The lead changed hands three times
in the extra period. Georgetown (5-I,
1-0) took the lead for good at 81-80,
with 41 seconds left when Othella
Harrington scored underneath offa
steal by Joseph Touomou.
West Virginia pulled to 84-83 with
two seconds left on a 3-pointer by
Seldon Jefferson, but Iverson sealed
the victory with two free throws after
he was fouled on the inbounds pass.
Kentucky slam dunked Indiana at the RCA Dome in Indianapolis.
Tired women's swimmers
come up short against rivals
By Marc Lightdale
Daily Sports Writer
Great athletes can handle disappoint-
ment without letting it ghake their con-
The women's swim1iing team and
their coach Jim Richardson adopted
this saying to boost the team's morale
after its fatigue-ridden performance in
Texas this weekend.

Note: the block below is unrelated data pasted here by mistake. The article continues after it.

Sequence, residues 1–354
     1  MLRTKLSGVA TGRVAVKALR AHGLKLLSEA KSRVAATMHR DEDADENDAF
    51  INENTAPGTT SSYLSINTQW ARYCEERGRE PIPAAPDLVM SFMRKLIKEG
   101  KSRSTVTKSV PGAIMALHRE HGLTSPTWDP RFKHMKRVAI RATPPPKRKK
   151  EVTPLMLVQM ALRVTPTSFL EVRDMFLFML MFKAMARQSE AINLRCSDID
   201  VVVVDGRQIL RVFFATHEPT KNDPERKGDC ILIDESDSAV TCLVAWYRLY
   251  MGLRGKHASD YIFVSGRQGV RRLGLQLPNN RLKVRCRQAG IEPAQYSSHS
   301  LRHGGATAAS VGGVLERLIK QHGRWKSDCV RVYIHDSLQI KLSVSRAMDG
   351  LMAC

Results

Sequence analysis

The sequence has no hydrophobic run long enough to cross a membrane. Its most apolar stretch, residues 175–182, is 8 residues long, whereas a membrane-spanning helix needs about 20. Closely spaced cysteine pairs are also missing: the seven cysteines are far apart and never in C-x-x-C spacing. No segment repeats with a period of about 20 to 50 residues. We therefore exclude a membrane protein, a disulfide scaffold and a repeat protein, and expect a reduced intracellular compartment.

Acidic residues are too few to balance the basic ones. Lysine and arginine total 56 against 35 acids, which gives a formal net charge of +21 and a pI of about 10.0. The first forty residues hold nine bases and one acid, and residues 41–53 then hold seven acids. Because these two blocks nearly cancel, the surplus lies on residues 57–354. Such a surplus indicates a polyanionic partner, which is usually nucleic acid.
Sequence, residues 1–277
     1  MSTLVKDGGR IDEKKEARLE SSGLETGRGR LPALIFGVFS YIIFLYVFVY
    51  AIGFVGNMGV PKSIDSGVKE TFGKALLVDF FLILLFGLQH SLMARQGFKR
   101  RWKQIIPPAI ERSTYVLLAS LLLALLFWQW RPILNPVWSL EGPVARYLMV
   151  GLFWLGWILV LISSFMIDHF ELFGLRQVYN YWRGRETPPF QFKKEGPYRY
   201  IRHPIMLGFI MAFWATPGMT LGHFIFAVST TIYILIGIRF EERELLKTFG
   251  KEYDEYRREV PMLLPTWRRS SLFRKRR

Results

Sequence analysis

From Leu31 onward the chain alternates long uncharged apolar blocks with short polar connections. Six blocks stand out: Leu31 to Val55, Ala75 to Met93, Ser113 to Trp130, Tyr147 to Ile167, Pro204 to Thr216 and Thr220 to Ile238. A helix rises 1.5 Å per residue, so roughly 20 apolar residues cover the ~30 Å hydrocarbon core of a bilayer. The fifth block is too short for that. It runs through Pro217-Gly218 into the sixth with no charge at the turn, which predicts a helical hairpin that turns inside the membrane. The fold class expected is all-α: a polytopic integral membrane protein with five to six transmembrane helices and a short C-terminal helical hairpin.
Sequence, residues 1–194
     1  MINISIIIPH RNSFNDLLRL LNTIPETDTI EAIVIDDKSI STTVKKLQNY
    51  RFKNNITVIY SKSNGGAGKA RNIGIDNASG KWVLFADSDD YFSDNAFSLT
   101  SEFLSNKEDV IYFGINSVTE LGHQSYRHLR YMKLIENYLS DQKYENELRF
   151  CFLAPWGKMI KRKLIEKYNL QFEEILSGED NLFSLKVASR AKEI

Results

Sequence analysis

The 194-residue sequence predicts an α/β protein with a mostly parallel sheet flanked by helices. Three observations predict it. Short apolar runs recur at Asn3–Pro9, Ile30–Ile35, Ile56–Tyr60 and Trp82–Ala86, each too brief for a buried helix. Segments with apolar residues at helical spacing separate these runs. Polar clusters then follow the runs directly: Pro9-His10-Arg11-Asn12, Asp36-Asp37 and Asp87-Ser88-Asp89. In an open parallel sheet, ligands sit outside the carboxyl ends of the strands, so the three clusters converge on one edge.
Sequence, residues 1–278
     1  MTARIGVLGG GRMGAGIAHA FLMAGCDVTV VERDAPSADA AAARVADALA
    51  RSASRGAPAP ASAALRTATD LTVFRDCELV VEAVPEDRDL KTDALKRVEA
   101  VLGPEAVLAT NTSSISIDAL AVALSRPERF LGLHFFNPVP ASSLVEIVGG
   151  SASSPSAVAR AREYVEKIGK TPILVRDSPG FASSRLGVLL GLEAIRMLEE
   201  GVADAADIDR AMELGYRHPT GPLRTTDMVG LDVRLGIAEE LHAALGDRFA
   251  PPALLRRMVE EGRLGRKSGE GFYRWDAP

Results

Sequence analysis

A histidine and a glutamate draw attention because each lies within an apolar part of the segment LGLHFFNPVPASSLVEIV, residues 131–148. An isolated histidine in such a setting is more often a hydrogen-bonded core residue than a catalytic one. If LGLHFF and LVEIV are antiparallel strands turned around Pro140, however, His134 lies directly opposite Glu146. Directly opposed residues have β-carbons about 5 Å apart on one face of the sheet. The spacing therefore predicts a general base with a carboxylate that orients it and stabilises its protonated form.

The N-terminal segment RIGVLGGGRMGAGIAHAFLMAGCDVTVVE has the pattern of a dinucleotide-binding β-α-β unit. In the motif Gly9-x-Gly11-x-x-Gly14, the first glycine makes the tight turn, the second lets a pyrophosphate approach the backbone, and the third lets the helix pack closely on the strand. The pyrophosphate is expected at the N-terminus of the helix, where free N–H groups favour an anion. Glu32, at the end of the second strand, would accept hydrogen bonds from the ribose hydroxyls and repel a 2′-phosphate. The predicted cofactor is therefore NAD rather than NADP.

Although Michigan ,held its own
against the likes of Southern Cal and
Stanford, the Wolverines swam tired
throughout the meet due to their rigor-
ous training regimen.
"Most of us were not- rested for the
meet, but we stepped up and swam
fast," Leslie Hawley said.
Swimming is unlike otter sports be-
cause it concentrates ,bn building
stamina for the long-term which results
in sacrificing scores inthemiddle of the
'"It has been a pretty slow meet,"
Richardson said. "Our performance has
been slower compared to this time last
year. I think Stanford, Texas and USC
are also swimming slower."
The Texas Invitational did not keep
team scores, but Richardson put the
team's performance in perspective.
"Stanford is probably out in front,"
Richardsonsaid. "It's atoss-up between
us and USC."
Although Michigan's performance
was hampered by fatigue, certain indi-
viduals, such as Melissa Stone, achieved
career bests. She finished third in the
50-meter freestyle with a time of26.69.
In addition, she added a stellar perfor-
mance in the 100-meter backstroke fin-
ishing third with a career-best mark of
1.05.08. Stone also had an excellent
outing in the 200-meter backstroke